Normal Ranges for Vital Signs
A common duty of a certified nurse’s assistant is assessing vital signs.
The most common vital signs assessed are temperature, pulse, respiratory rate, blood pressure and pain.
When assessing for temperature it is commonly taken orally or in the mouth which involves using a thermometer, placing it under the patient’s tongue. It can also be taken actuarily, which is under the arm which is not as accurate or rectally, which is very accurate in most cases.
Pulse is another vital sign which is measuring the number of heart beats per minute. It is generally calculated by feeling or palpating the radial pulse and it needs to be counted for a minute; however, if the pulse or the heartbeat is regular meaning it is a steady beat then it can be checked for 15 seconds or even 30 seconds and if you count for 15 then multiply by 4 to get the number of heartbeats per minute. If you count for 30 seconds then you would multiply by 2 to get the number of heartbeats per minute.
Respiratory rate the number of times the patient breathes in and out for an entire minute. Again, if it’s a regular rate it can be counted for 15 to 30 seconds and multiplied or it can be counted for an entire minute for the most accuracy.
Blood pressure is measured – is a measurement of pressure exerted on the arteries. It is measured in systolic and diastolic. Systolic blood pressure is the top number and is the pressure exerted on the arteries during the contraction of the heart. For a normal, healthy, average blood pressure, it would be 120 systolic. The diastolic blood pressure is the number that is on the bottom. It is the lower number and it is and it is the amount of pressure that is exerted on the arteries during diastole or the resting period between contractions of the heart. A common number would be 80. So 120 over 80 would be considered average or normal blood pressure. However, this will vary greatly even among healthy patients and especially patients that are sick or have some type of disorder.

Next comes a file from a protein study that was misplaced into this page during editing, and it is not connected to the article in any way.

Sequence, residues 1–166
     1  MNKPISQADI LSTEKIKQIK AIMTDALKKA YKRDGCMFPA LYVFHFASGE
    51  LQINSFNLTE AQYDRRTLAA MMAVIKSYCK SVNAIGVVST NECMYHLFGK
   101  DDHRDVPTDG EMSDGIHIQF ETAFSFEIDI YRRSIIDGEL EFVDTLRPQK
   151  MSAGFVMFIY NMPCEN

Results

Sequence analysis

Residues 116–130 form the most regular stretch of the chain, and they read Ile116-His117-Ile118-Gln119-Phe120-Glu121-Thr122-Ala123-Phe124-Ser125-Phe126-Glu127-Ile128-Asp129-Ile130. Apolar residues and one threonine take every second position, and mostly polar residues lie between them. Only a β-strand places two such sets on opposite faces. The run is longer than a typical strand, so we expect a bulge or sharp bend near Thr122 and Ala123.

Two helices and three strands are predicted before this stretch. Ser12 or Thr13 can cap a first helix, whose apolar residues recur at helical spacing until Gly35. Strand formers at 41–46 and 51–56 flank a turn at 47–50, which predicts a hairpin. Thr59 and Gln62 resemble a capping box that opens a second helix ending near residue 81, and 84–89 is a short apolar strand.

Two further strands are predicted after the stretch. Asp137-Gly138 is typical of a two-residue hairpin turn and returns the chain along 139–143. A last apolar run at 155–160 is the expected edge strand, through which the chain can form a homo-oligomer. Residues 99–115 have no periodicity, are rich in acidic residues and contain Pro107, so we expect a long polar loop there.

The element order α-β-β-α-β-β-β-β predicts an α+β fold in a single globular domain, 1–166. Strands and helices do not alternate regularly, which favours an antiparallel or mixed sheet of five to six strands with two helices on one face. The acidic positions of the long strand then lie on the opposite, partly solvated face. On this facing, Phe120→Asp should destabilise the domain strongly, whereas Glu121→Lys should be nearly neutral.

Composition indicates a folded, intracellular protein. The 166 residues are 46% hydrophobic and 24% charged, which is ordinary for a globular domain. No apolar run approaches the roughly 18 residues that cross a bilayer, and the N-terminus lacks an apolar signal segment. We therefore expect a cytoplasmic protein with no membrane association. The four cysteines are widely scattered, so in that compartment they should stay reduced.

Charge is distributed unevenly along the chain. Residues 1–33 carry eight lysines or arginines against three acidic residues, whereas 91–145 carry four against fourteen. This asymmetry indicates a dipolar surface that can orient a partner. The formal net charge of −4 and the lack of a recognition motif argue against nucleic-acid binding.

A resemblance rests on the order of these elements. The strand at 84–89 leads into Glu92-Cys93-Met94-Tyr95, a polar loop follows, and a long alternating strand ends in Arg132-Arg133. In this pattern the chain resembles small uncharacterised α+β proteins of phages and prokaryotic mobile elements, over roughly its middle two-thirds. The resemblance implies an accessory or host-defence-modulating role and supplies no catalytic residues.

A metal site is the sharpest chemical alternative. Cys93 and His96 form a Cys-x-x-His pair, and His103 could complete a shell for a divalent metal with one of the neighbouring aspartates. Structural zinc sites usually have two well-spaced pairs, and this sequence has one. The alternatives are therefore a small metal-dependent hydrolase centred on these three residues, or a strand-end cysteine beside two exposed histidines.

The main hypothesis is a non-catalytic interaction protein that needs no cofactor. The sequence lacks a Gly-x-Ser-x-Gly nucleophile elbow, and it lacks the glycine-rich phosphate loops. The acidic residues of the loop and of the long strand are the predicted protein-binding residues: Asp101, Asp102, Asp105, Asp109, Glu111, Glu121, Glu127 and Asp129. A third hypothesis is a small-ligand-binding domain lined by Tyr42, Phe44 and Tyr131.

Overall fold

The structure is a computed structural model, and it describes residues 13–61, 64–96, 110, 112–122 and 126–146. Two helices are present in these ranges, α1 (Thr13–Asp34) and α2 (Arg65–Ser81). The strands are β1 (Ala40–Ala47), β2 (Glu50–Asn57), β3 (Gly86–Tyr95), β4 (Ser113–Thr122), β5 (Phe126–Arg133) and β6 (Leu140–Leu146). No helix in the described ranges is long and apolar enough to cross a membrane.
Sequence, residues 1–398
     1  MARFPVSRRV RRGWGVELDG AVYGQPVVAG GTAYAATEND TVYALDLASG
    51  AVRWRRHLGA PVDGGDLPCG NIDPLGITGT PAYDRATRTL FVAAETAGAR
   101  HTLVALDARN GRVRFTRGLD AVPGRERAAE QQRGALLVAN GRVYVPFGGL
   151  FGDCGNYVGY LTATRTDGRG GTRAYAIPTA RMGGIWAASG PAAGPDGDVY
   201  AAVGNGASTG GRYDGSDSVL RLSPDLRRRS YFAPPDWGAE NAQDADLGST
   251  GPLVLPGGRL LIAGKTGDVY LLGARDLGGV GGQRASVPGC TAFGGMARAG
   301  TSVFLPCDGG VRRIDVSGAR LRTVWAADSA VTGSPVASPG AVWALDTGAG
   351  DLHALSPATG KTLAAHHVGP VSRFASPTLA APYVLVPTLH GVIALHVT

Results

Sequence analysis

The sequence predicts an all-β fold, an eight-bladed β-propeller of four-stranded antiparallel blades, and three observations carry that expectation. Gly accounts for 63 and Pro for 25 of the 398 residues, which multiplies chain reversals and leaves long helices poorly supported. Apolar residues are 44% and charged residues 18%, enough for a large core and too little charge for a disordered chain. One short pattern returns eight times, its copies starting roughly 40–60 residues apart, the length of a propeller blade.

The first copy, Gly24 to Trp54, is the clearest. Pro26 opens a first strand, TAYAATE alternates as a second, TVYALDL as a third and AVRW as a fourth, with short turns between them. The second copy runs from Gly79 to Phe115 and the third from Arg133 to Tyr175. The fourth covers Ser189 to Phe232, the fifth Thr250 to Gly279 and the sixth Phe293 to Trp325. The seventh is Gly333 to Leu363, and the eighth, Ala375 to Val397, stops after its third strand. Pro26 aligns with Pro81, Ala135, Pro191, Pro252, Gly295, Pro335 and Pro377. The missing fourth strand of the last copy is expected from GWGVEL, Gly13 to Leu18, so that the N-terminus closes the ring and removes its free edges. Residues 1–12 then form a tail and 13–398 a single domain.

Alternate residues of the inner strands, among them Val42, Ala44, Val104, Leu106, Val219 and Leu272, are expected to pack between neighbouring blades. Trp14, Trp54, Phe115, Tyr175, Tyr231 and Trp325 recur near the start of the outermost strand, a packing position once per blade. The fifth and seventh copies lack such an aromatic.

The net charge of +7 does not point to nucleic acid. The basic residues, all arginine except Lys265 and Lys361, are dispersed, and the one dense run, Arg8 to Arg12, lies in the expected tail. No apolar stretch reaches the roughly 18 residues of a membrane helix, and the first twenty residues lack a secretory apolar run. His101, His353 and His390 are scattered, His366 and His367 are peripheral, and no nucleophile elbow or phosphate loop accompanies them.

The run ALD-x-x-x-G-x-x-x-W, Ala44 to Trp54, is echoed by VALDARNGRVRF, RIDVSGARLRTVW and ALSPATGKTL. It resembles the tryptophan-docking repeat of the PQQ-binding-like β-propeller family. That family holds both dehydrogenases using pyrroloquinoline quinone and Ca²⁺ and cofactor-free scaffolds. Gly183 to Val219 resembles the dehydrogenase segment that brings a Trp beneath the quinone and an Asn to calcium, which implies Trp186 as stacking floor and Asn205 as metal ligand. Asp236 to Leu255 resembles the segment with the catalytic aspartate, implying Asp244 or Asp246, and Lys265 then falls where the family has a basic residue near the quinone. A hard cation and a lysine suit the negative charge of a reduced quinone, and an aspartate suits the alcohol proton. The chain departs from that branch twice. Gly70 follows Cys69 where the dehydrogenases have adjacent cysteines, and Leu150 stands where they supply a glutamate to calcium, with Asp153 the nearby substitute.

The last vital sign that we want to assess is pain which is the patient’s perception of their pain. First, you ask them if they have pain and if they do then you want to have their description of the pain and possibly have them rate it such as on a scale from 0 to 10 which 0 being no pain and 10 being the most severe pain ever you ask them how would they rate their pain and remember that this number is very subjective and that there is no right or wrong answer and one person’s five may be another person’s two so it just as important on a patient to ask them what their rating of their pain is.
So as a nurse’s aid when you’re asked to take vital signs, these are the things that you will need to assess — the temperature, the pulse or the heart rate, the respiratory rate, the blood pressure and the patient’s pain.